As the profession of prosthetics aims toward a more academic standing, there is an increased need for a theoretical foundation for clinical practices. Today, there remain several areas with a lack of basic theoretical knowledge. According to Pike (1996), there might be a revolution coming to the field of prosthetics and the prosthetists of today have to be prepared. However, the present knowledge of handicraft in the profession is comprehensive, but it has to be supported by a theoretical base. The results of this study may contribute to the theoretical base needed for the future education of prosthetists/orthotists. Prosthetists can implement the results from the present study into their clinical work.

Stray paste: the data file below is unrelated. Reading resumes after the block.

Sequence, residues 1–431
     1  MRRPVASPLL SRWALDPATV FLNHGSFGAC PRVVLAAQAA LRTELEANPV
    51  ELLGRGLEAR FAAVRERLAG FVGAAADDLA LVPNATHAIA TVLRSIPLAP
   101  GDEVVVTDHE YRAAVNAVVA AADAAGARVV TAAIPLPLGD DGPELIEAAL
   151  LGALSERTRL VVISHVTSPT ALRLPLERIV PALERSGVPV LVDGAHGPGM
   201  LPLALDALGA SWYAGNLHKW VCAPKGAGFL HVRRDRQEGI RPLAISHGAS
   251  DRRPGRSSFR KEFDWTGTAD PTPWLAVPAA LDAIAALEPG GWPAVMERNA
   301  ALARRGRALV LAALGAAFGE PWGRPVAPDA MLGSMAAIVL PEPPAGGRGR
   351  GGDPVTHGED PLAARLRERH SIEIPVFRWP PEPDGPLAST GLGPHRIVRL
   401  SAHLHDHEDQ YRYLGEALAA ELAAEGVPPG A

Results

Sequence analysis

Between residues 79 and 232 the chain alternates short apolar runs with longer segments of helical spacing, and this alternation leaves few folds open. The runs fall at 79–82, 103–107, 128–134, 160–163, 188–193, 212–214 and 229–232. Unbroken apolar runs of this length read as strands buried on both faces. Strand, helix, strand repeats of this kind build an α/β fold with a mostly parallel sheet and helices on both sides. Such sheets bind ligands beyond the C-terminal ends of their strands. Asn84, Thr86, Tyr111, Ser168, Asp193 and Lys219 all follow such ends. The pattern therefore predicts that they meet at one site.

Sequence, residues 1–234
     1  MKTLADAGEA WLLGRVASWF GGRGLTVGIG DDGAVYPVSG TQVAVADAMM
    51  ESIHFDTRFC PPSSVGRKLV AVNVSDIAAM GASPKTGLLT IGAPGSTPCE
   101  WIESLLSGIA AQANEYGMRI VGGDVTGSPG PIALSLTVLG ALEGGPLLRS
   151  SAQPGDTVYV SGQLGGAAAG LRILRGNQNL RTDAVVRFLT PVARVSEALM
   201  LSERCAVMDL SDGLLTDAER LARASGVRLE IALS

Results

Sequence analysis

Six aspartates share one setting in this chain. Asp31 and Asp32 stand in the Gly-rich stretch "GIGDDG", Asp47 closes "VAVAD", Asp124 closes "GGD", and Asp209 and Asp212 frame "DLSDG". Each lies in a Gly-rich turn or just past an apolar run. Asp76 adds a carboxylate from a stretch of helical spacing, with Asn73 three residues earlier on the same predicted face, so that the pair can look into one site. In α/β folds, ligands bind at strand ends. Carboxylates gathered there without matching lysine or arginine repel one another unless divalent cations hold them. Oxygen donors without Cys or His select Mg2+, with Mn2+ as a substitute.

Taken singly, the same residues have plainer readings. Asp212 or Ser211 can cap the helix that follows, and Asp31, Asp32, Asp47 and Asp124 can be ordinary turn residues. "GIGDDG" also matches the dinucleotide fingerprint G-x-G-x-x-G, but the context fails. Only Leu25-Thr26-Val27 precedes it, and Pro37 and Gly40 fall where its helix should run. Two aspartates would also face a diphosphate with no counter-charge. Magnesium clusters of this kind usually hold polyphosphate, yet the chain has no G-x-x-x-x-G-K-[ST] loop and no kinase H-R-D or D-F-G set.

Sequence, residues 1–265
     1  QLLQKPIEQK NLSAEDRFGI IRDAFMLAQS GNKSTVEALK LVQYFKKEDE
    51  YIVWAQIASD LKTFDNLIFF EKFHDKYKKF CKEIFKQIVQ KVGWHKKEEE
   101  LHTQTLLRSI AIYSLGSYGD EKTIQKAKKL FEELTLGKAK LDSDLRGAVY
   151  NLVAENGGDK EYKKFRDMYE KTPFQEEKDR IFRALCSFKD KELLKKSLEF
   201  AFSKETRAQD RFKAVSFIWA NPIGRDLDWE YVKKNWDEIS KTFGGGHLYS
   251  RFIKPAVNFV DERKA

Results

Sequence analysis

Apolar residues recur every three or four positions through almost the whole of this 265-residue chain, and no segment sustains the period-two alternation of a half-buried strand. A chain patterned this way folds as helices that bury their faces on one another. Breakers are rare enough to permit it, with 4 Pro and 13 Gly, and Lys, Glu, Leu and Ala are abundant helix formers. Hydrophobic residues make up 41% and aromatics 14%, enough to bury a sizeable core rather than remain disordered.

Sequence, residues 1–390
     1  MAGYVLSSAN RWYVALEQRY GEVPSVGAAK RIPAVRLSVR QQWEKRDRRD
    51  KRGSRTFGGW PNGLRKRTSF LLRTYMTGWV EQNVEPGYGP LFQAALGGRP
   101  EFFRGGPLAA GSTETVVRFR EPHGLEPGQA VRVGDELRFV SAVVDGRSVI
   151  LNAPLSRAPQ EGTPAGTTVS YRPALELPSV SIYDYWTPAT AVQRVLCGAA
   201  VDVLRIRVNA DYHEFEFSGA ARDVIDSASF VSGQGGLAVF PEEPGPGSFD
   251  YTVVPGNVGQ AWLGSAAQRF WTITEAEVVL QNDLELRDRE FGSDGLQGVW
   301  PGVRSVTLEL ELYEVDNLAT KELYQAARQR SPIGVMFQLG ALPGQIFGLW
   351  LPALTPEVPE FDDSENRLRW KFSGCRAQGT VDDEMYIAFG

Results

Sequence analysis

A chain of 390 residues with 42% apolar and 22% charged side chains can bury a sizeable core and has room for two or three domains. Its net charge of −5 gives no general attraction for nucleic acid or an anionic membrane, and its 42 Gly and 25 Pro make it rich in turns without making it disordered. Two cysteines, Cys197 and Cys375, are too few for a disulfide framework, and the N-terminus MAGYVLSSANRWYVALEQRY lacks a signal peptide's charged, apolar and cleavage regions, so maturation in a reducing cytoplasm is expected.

This study had identified and documented trans-tibial volume changes during muscle contraction of the anterior tibial muscle and the medial gastrocnemius muscle. There was a significant increase in stump volume of 5.8% during muscle contraction. With an ICEROSS silicone liner donned, the volume increased significantly by 3.5%.
The results indicate the importance of making a hand cast with the stump muscles relaxed if the subject is to have a stiff coupling between the amputation stump and the prosthetic socket during the stance phase of gait.
This study was supported by grants from the Scientific Committee of the Jönköping County Council.